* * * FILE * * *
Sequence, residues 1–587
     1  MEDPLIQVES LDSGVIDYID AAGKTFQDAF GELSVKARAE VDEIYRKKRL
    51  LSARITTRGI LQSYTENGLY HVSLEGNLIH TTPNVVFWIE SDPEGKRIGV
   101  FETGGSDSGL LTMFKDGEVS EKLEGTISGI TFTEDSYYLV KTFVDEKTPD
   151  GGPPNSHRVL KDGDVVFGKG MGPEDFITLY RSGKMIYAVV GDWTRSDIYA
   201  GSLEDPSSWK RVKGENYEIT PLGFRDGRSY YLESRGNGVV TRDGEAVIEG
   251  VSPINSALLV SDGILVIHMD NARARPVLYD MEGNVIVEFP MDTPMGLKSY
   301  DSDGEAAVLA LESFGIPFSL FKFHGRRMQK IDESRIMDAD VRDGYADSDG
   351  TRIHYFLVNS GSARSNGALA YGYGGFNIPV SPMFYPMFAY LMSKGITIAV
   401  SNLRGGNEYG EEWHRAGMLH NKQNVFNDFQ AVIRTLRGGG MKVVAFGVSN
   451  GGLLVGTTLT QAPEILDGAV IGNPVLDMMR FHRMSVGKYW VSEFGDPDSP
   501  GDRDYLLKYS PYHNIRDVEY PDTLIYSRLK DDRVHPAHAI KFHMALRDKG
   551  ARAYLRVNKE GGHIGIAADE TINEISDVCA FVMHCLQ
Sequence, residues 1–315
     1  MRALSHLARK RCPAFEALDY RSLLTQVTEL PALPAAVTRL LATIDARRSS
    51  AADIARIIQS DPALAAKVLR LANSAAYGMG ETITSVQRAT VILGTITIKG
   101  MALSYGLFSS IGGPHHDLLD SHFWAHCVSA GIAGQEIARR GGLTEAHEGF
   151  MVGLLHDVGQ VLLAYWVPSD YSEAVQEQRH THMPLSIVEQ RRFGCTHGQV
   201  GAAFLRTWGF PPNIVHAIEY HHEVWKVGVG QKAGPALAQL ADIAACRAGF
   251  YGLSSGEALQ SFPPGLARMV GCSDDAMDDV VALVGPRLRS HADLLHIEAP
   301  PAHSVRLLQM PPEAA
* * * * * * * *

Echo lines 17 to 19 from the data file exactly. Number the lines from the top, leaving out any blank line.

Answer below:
   101  MALSYGLFSS IGGPHHDLLD SHFWAHCVSA GIAGQEIARR GGLTEAHEGF
   151  MVGLLHDVGQ VLLAYWVPSD YSEAVQEQRH THMPLSIVEQ RRFGCTHGQV
   201  GAAFLRTWGF PPNIVHAIEY HHEVWKVGVG QKAGPALAQL ADIAACRAGF